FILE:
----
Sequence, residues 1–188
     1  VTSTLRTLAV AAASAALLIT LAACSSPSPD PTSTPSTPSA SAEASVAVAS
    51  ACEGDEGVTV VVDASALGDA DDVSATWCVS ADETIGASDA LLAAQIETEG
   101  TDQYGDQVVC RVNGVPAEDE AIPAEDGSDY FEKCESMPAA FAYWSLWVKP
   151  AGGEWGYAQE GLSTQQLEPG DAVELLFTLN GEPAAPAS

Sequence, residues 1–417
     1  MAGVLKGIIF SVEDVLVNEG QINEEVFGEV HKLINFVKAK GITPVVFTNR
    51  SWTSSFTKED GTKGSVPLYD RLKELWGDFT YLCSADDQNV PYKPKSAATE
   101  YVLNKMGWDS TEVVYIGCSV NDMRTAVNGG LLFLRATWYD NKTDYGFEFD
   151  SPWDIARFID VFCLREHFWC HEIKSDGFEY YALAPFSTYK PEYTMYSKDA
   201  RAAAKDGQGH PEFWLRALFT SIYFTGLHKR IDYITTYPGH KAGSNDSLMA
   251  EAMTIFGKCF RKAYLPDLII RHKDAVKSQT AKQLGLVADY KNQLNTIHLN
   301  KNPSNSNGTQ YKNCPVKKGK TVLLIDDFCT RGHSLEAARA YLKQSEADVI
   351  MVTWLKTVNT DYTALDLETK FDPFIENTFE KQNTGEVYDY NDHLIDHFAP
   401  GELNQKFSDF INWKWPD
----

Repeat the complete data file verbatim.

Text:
Sequence, residues 1–188
     1  VTSTLRTLAV AAASAALLIT LAACSSPSPD PTSTPSTPSA SAEASVAVAS
    51  ACEGDEGVTV VVDASALGDA DDVSATWCVS ADETIGASDA LLAAQIETEG
   101  TDQYGDQVVC RVNGVPAEDE AIPAEDGSDY FEKCESMPAA FAYWSLWVKP
   151  AGGEWGYAQE GLSTQQLEPG DAVELLFTLN GEPAAPAS

Sequence, residues 1–417
     1  MAGVLKGIIF SVEDVLVNEG QINEEVFGEV HKLINFVKAK GITPVVFTNR
    51  SWTSSFTKED GTKGSVPLYD RLKELWGDFT YLCSADDQNV PYKPKSAATE
   101  YVLNKMGWDS TEVVYIGCSV NDMRTAVNGG LLFLRATWYD NKTDYGFEFD
   151  SPWDIARFID VFCLREHFWC HEIKSDGFEY YALAPFSTYK PEYTMYSKDA
   201  RAAAKDGQGH PEFWLRALFT SIYFTGLHKR IDYITTYPGH KAGSNDSLMA
   251  EAMTIFGKCF RKAYLPDLII RHKDAVKSQT AKQLGLVADY KNQLNTIHLN
   301  KNPSNSNGTQ YKNCPVKKGK TVLLIDDFCT RGHSLEAARA YLKQSEADVI
   351  MVTWLKTVNT DYTALDLETK FDPFIENTFE KQNTGEVYDY NDHLIDHFAP
   401  GELNQKFSDF INWKWPD